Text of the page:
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Tuck Stitches

Gillam features a Tuck and Cable patterning that is worked both in the round and flat. The stitch pattern is 6 rounds, with a cable every 6th round, and the tuck stitch worked every 3rd round. As a result, you will work the tuck stitch on both right side and wrong side rows after the armhole division.

Tuck Stitch – Right Side Rows, Worked in the Round and Flat:
Regardless of whether you are working the tuck in the round or flat, the stitch is worked the same on all right side rows:

STEP 1 /  Once you reach the tuck stitch on the chart, locate the purl stitch two rows below the first stitch on your LH needle. After you have worked a few repeats of the pattern, you may notice that the stitch that you are looking for is the stitch that you worked as the tuck on the previous repeat.

STEP 2 /  With the working yarn in front, insert your right-hand needle into the stitch you’ve identified from back to front in preparation to work a purl stitch. Your needle will be below the left hand needle. Make sure your needle is only through this stitch – do not try to also “catch” the stitch directly above it, or the stitch on the needle.

STEP 3 /  Purl the stitch as you would if you were working a regular purl – just pretend the stitch 2 rows below is still on the needle and work it accordingly.

STEP 4 /  The final step is where the tuck really happens. By sliding the stitch (and, subsequently, the two below it) off of the left-hand needle, you’re effectively “dropping” them. Since you’ve caught the stitches 2 rows below with the stitch you’ve worked as a purl, the two dropped stitches are held – or, in other words, you’re stopping them at the purl from dropping further. Depending on the stickiness of the fibers, you may need to tug the stitches slightly.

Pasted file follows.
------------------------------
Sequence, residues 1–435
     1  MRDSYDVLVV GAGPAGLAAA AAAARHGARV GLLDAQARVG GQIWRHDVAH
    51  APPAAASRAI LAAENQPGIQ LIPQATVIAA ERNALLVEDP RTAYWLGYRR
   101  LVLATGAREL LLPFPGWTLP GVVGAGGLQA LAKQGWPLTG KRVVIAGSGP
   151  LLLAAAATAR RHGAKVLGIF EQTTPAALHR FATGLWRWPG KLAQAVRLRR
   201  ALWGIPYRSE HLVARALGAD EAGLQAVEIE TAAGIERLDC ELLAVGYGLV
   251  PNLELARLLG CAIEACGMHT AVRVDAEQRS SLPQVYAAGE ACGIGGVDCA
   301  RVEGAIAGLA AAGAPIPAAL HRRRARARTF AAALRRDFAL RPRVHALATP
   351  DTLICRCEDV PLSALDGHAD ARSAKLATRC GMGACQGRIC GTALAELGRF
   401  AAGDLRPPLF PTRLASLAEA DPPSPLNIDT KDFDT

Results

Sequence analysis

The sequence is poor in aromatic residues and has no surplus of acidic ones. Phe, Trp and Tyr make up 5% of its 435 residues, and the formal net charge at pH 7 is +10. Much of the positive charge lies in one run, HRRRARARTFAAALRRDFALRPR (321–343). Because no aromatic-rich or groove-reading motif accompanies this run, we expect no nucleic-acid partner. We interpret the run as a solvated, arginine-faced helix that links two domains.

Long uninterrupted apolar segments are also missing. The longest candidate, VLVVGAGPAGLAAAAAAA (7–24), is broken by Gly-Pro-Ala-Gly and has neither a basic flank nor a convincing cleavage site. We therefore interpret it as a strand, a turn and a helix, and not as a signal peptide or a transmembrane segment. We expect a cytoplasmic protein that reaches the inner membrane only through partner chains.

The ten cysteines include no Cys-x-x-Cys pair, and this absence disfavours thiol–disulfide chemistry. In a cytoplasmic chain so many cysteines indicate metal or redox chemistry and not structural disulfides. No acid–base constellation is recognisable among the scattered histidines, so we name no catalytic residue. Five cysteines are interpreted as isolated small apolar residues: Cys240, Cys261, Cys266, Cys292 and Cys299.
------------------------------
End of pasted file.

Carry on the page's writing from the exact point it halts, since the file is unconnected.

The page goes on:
That’s it! This is the way you will work the tuck throughout the whole body. As I mentioned above, though, when working back and forth on the front, you will also be working the tuck stitch on the wrong side of the fabric.

Tuck Stitch – Wrong Side Rows, Worked  Flat:

STEP 1 / Once you reach the tuck stitch on the chart, locate the knit stitch two rows below the first stitch on your LH needle. After you have worked a few repeats of the pattern, you may notice that the stitch that you are looking for is the stitch that you worked as the tuck on the previous repeat.

STEP 2 / With the working yarn in back, insert your right-hand needle into the stitch you’ve identified from front to back in preparation to work a knit stitch. Your needle will be below the left hand needle. Make sure your needle is only through this stitch – do not try to also “catch” the stitch directly above it, or the stitch on the needle.

STEP 3 /  Knit the stitch as you would if you were working a regular knit – just  pretend the stitch 2 rows below is still on the needle and work it accordingly.

STEP 4 /  The final step is where the tuck really happens. By sliding the stitch (and, subsequently, the two below it) off of the left-hand needle, you’re effectively “dropping” them. Since you’ve caught the stitches 2 rows below with the stitch you’ve worked as a knit, the two dropped stitches are held – or, in other words, you’re stopping them at the purl from dropping further. As with working on the RS row, depending on the stickiness of the fibers, you may need to tug the stitches slightly.

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